No editorial review at this time.

Excerpt

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Discussion Questions

1. How is each child— Cal, Caroline, Holly, Jeanette, Franny, and Albie—affected by the divorce and neglect that results?

2. What does it mean to become a family again in the wake of divorce? How does each child grow to respond to the family difficulties?

3. In what ways are the siblings good for and to each other?

4. Bert believes that his divorce, all the difficulties for the children, and his marriage to Beverly were inevitable. “We’re magic,” he says to her. In what ways might this be true? To what extent does romantic love justify their decision?

5. What influence did the time periods, especially the ’60s and ’70s, have on the behavior and decisions of the characters?

6. What’s added to the novel by the presence of Lomer, Fix’s first partner on the police force?

7. How does the ageing of the four parents—Beverly, Fix, Teresa, and Bert—affect their
feelings and behavior regarding each other and the children?

8. Franny falls for Leon Posen because of “the brightness in him.” What might this mean? Why do you think Franny and Leo were willing to overlook their age difference?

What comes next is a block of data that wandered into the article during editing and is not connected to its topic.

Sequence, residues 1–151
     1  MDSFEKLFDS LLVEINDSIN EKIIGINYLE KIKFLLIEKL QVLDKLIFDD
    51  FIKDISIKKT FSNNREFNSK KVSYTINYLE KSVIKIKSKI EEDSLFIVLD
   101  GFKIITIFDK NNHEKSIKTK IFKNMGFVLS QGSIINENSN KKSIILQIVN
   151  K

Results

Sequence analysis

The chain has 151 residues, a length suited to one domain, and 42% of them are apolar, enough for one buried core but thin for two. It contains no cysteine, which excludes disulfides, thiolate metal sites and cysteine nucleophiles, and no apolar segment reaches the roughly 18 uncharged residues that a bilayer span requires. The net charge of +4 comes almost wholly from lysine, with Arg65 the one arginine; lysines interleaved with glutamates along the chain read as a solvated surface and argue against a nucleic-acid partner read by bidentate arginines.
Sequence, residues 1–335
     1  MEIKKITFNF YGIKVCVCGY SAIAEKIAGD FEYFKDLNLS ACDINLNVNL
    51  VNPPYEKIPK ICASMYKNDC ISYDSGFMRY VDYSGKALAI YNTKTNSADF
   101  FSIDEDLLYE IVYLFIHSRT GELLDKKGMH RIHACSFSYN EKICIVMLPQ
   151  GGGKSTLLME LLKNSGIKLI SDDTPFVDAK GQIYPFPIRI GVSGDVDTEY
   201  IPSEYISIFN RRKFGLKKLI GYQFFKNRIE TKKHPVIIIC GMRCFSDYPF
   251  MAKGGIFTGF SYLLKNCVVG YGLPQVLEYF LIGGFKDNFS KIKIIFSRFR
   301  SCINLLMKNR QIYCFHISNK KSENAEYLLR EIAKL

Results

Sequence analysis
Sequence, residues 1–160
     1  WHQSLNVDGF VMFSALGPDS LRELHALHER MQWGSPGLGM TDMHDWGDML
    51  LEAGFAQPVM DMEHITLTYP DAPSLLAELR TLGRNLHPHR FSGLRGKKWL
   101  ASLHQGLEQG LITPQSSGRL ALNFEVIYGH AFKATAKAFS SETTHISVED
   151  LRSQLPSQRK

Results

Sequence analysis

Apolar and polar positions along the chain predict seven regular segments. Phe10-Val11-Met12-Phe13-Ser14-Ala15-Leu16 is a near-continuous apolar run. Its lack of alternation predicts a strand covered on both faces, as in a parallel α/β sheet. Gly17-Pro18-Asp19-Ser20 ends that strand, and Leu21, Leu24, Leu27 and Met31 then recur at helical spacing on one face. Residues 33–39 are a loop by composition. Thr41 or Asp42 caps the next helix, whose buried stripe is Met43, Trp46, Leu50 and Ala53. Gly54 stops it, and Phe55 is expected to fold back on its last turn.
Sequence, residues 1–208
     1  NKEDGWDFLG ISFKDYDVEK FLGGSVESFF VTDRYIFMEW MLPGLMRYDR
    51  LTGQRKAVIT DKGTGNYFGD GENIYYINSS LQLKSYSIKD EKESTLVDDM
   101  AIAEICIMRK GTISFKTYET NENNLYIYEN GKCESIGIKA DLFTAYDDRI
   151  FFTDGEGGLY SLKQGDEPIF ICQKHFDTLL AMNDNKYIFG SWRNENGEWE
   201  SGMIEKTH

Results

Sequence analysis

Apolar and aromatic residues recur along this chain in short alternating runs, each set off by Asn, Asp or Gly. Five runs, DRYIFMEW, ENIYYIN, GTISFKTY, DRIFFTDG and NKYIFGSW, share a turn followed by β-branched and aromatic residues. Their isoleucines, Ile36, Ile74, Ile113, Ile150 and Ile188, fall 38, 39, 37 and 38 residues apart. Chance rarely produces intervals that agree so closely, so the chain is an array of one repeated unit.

9. As adults, Jeanette suggests to Albie, perhaps in jest, that they create a family therapy plan for Holly and their mother. What does it take to repair and rebuild family relationships after so much division and tragedy?

10. What do the various literary allusions (David Copperfield, The Return of the Native, The English Patient, T. S. Eliot’s The Love Song of J. Alfred Prufrock) bring to the novel?

11. After writing his novel based on the life stories of the siblings, Leon Posen says “it’s my book,” while Albie asks, “how did he end up with my life?” What are the ethical and legal issues of the situation? Should there be regulations for writing about others without their consent?

12. Fix believes, “There’s no protecting anyone...keeping people safe...is a story.” To what extent is this true? Why does he believe this?